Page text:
On-line screening of mutual funds and ETFs: Minimum Requirements

This article discusses minimum requirements for on-line mutual fund and ETF screening tools.

It summarizes seven scientifically based fund selection criteria and reports on the capabilities of free on-line website tools to do screens using these criteria.

Automated fund screening tools should not make any arbitrary decisions for you about which funds you will use to pursue your investment objectives. An automated screening tool should simply winnow down a larger field of contenders to a smaller and more manageable list. It should screen funds for you only in the manner that you want it to screen funds. You should not compromise your screening process by using tools that do not allow you to do what you want to do. 

Once you have your smaller, screened list of funds, you can investigate remaining funds in greater depth. Once you are satisfied with one or several funds that meet your investment criteria, then you can invest directly by downloading, completing, and mailing in investment account forms with your check. Alternatively, you can call a fund's 800 number, if you need a little help to set up your account and make your investment. (IRA accounts are more complex than regular taxable investment accounts, so making a call to a fund's IRA department can be a very good idea to make certain you have the right forms and have completed them properly.)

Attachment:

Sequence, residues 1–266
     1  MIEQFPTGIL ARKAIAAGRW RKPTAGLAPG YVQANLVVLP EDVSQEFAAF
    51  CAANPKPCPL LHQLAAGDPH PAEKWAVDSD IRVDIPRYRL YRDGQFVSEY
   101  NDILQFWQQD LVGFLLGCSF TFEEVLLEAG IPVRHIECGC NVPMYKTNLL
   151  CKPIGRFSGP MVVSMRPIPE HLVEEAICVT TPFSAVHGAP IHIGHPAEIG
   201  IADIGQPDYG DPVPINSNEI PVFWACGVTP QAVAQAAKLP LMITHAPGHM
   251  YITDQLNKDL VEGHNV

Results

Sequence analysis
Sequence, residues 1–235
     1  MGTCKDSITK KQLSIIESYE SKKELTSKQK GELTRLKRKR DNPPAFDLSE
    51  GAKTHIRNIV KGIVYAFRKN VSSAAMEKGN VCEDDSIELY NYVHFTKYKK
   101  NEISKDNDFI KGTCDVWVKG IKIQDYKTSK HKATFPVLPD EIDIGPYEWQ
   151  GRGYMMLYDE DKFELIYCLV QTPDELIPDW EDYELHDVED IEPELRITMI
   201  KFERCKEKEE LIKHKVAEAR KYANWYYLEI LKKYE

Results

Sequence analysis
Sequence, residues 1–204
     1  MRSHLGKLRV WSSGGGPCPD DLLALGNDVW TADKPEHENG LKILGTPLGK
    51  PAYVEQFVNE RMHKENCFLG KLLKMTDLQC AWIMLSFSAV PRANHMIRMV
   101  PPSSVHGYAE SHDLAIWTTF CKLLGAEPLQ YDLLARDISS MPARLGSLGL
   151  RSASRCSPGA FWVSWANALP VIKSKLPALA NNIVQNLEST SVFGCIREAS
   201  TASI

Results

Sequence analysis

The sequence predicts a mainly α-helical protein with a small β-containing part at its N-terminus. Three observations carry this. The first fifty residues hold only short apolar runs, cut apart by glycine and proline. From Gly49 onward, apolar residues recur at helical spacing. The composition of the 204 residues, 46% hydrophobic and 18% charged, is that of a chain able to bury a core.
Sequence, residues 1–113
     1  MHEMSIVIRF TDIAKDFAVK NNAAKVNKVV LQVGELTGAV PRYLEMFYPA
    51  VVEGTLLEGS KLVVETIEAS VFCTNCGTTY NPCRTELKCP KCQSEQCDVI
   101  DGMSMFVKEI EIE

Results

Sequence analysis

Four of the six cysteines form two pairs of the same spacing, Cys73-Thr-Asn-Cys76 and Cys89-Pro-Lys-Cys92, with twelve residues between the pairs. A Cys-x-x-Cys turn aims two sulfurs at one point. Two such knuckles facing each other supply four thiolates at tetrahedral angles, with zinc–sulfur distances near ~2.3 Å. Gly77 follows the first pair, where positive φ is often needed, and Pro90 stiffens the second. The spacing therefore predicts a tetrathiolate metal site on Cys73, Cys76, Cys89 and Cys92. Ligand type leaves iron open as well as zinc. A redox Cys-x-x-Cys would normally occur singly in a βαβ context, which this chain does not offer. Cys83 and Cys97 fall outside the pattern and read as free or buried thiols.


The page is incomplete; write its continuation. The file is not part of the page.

The only cost to you of buying mutual funds directly is your personal time and effort. However, the savings value can be huge over your lifetime, if you buy funds directly and cut out costly sales agents in the middle.

Note:  If you want to understand how much you personally could waste by paying excessive investment costs over your lifetime, see this article about excessive investment costs over a lifetime. Across your lifecycle, VeriPlan automatically projects the full value of the personal assets you could lose to the five main types of investment costs. VeriPlan develops projections that assume you will continue to invest at the same level of cost-efficiency or cost-inefficiency associated with your current financial asset portfolio. Alternatively, VeriPlan's automated Cost-Effectiveness Tool lets you compare investment costs that you believe are more reasonable to pay versus the investment costs of your current portfolio.

Functional requirements for automated mutual fund screening tools are necessarily more stringent than for ETFs. This has nothing to do with any preference for one type of fund over the other. While there are some notable differences between mutual funds and ETFs that can be important to some investors, mutual funds and ETFs are much more alike as investment vehicles than they are different. The reason for more stringent screening of mutual funds is simply because there are thousands of mutual funds that must be screened out, before you can get down to a smaller, more manageable list for more thorough evaluation.